COLLAPSING TO BLACK HOLES. How likely is this (i.e. 0 < tcol < ∞)?
I, R, MTOV: from
neutron star EOS
Mp: probability distribution from Galactic NSNS binaries (Kiziltan et al. 2013).
Bp, p0: measured from Rowlinson fit
Rowlinson et al. (2013)
Lasky et al. (2014)
Ravi & Lasky (2014)
(arXiv:1403.6327) 18
A general collapse time prediction
3 EOSs
10 – 44,000 s (95% confidence)
19
Ravi & Lasky (2014)
A slightly surprising consequence of the blitzar model
Supramassive
Supramassive
NS mass
NS mass
range:
range:
tcol >tcol1e2
> 1e5
0s s
1e4
20
Possible caveats – generally on small timescales
• Differential rotation support, rather than only uniform rotation
– Differential rotation is suppressed on Alfven timescale (< 1 s for
protomagnetars)
• Gravitational radiation driven by bar-instabilities
– T/|W|is likely less than 0.14, independent of (plausible) equation of
state
• Is vacuum dipole spin-down a reasonable assumption?
– Hard to know (simulations suggest a crazy internal field structure),
but likely on large scales.
• Fall-back accretion torques
– Not likely to be significant because of small ejecta masses.
• Gravitational radiation from magnetic field induced deformities
– Also not likely on long timescales
See discussion in Ravi & Lasky (2014)
21
Implications
1. In the ~25% of SGRBs which show signatures of
magnetar central engine collapse to a black
holes, blitzar-like emission will occur within 13
hours of the SGRB.
– Radio propagation in surrounding medium may be
possible (Zhang 2014).
2. X-ray plateaus (and cut-offs) are also seen in
~5% of long GRBs, which are more common.
– Collapse time predictions are exceedingly hard for
long GRB supramassive central engines
22
Conclusions
1. Targeted FRB searches, despite skepticism, allow for
interesting science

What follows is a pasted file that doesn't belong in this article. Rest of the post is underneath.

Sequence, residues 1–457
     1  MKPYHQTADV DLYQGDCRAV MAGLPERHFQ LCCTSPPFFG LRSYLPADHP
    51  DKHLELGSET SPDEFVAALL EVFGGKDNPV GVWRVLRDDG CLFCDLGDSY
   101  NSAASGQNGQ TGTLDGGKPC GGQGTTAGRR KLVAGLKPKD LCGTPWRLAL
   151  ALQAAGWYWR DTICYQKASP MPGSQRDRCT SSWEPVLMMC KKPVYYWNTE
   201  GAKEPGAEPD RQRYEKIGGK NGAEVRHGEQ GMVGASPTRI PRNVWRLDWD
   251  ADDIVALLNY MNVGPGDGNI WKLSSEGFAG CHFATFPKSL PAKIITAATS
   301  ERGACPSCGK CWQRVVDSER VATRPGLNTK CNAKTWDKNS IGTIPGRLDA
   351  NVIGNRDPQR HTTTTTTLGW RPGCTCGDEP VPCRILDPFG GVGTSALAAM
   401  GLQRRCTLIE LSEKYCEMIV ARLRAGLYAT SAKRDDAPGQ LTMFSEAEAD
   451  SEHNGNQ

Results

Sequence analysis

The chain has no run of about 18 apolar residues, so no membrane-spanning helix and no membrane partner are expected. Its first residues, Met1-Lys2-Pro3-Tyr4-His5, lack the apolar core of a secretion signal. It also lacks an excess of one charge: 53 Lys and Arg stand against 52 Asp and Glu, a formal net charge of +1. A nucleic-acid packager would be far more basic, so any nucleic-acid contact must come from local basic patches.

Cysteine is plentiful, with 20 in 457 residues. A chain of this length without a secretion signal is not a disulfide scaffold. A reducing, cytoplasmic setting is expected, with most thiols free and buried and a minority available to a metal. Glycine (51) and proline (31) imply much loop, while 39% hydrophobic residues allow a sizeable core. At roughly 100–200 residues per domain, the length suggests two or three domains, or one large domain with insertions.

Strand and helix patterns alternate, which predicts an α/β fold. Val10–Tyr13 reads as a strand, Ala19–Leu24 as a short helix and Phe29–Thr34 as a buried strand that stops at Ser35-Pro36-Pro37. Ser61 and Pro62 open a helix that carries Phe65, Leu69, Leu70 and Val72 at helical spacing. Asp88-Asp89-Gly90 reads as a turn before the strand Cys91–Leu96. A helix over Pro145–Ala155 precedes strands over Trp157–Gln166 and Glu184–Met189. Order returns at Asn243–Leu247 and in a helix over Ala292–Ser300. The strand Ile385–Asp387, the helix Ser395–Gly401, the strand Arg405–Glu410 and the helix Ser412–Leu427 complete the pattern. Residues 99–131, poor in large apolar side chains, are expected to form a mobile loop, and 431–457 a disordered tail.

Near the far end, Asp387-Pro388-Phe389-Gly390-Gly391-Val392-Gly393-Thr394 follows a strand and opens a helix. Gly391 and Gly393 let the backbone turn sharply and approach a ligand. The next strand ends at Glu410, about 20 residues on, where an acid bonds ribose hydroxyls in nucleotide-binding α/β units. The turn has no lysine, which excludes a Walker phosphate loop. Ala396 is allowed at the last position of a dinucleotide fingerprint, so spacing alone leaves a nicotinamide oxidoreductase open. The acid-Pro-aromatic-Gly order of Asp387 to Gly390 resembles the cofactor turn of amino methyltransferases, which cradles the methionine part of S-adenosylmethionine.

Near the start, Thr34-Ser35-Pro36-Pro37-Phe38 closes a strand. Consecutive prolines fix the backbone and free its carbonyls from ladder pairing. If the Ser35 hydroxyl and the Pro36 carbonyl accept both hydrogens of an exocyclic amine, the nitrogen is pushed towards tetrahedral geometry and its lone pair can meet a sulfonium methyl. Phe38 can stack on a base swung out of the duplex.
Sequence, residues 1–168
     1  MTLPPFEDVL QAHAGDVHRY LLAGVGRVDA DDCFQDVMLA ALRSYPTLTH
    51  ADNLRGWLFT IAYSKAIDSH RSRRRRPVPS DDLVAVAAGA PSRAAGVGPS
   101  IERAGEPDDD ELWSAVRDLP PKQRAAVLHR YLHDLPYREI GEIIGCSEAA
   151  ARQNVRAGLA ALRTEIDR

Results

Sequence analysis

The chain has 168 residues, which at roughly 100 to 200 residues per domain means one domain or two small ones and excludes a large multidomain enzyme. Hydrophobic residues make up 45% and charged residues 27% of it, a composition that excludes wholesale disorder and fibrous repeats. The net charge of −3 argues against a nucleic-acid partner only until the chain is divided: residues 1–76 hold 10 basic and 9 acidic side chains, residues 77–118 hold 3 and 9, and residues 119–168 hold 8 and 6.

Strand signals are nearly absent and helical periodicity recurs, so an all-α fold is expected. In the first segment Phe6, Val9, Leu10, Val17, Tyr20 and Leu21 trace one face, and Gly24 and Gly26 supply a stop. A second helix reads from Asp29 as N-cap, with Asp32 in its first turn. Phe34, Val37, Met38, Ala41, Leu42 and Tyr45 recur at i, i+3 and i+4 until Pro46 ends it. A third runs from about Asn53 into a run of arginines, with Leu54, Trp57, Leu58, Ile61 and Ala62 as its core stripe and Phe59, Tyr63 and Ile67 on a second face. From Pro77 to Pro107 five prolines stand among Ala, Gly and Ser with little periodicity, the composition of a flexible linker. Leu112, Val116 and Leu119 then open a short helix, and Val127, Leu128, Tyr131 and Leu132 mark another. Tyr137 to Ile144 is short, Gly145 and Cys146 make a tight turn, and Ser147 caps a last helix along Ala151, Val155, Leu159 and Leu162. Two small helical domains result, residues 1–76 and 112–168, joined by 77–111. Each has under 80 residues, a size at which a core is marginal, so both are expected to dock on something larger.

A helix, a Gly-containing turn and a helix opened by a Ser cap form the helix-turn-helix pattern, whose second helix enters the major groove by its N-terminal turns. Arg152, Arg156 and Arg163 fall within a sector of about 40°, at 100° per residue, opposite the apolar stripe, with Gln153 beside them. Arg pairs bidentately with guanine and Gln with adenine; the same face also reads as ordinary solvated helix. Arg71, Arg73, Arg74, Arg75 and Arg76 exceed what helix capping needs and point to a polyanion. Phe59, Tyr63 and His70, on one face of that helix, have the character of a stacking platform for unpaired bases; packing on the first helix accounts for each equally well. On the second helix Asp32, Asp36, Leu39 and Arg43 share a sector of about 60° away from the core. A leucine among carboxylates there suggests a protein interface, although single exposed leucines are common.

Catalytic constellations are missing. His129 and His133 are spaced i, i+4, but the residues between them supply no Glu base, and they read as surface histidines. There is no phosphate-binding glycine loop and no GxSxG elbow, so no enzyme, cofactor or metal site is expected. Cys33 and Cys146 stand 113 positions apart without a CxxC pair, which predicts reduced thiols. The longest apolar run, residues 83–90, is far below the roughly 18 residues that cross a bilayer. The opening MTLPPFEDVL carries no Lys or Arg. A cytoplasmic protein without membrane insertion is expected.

–
GRBs, in particular, are an obvious trigger
–
LOFAR should do this every day!!
2. Distributions of FRB properties are hard to constrain
–
Range of pulse shape evolution possibilities
–
Range of minimum fluences
3. Always, always try and look for things!
23
Cosmic string kinks, cusps, collisions
Cai et al. (2012)
• Among the most detailed
FRB predictions!
• Topological defects that
are expected in grand
unified theories to form
during cosmic phase
transitions
• Predict linearly-polarised
radio bursts coincident
with cosmic-ray and
gravitational-wave
events.
Burst durations ~ 1 ms
Calculations for L-band
bursts
24
Magnetar hyperflares
• SGRs (10-13 known) are magnetars with Bp ~ 1014 G,
spin periods of 2 – 12 s.
• Characterised by active periods of repeated soft
gamma-ray flaring, and rare hyperflares (up to 1047 erg
s-1).
• Approximate scaling from solar flares suggests that 10-4
of the SGR luminosity is emitted in radio waves.
• Rate estimate agrees with Thornton et al. 104 / sky /
day estimate for sources at z < 1.
• Are hyperflares magnetospheric or internal in origin?
Popov & Postnov (2013)
Lyutikov (2006)
25
Targeted searches for FRBs
• Huge benefits!
– Identification of physical mechanism
– Association with astrophysical source leads to new
cosmological probe
• Possibilities:
– Radio stars
– Magnetars
– Starburst regions, for magnetars and giant pulse
emitting pulsars
– GRBs
26

similar documents